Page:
Brussels: Higher household spending and investment drove euro zone growth in the second quarter of 2010, while first quarter growth was also stronger than thought, but the expansion should slow in the second half of the year.
European Union statistics agency Eurostat confirmed on Thursday that gross domestic product in the 16-nation currency area grew 1.0% quarter-on-quarter in the April-June period, the fastest pace in four years, after an upwardly revised 0.3% in the first quarter.
“Today’s data signalled that the euro zone recovery strengthened in the second quarter of 2010,” said Clemente de Lucia, economist at BNP Paribas.
Growth was driven by very strong figures in Germany, the currency area’s biggest economy. Crisis-hit Greece was the only euro zone country to suffer contraction, although figures for Ireland were not available.
“Activity will probably lose momentum in the second half of the year,” de Lucia said, pointing to a likely deceleration of growth in Germany, where activity largely relies on exports. Major export markets like China and the US are slowing down.
Year-on-year, the euro zone economy expanded 1.9% in the second quarter, rather than the previously estimated 1.7%, and grew 0.8% in the first quarter rather than the earlier reported 0.6%.
In the US, the economy grew 0.4% in the same period and growth was 0.1% in Japan.
Eurostat said quarter-on-quarter household consumption contributed 0.3 percentage points to the overall growth figure, investment another 0.3 points, government spending 0.1 points and investories 0.2 points. Net trade added 0.1 points.
“The second quarter’s rise in household spending will have been partly down to households in parts of the periphery bringing forward spending in advance of July’s VAT hikes,” said Ben May, economist at Capital Economics.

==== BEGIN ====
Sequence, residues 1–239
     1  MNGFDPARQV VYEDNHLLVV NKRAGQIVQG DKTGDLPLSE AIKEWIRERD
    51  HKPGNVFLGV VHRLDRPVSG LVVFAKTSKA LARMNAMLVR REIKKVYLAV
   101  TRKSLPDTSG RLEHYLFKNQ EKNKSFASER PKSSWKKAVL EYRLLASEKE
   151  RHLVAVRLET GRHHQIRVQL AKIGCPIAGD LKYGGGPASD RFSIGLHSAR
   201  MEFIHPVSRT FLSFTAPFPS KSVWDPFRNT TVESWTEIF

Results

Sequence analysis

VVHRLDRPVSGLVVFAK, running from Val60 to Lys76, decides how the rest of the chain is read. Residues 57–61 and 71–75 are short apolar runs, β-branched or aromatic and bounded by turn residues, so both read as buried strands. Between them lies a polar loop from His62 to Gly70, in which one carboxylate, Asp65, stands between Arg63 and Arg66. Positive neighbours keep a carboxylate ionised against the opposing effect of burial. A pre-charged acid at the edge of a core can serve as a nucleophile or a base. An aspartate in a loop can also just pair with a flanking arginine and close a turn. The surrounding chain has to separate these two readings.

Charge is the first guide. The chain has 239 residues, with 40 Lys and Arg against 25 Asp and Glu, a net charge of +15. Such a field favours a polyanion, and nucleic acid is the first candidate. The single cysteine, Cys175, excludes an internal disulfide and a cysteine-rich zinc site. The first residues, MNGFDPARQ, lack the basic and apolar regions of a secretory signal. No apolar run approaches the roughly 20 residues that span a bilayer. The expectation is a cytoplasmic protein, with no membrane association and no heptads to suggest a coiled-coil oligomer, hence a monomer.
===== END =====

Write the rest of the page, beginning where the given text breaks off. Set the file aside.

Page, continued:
“Meanwhile, investment will have been boosted by a large weather-related rebound in construction activity,” he said.
Second half slowdown
With some of the factors that boosted the second quarter petering out in the next three months, and slower external demand and fiscal austrity measures to win back market confidence in euro zone public finances also restraining activity, economists expect growth to slow later this year.
Some analysts said quarterly expansion could be 0.4-0.6% in the July-September period and even less in the last three months of the year, but noted a dip into contraction was unlikely.
“This torrid pace of GDP growth is not sustainable, and all demand components are going to show considerably less momentum going forward,” said Marco Valli, economist at Unicredit.
“In our projections... the 2010 average should be 1.6%, while for 2011 we see 1.3%. We expect the Eureopan Central Bank to come up with similar numbers today,” Valli said.
The European Central Bank is expected to extend its liquidity safety-net on Thursday, delaying its exit from crisis support as policymakers confront a lopsided euro zone recovery and vulnerable banks in perimeter countries. It will also issue new economic forecasts.
Separately, Eurostat said euro zone industrial producer prices increased by 0.2% month-on-month in August for an annual gain of 4%, boosted mainly by costs of energy, which were low in the same period of 2009.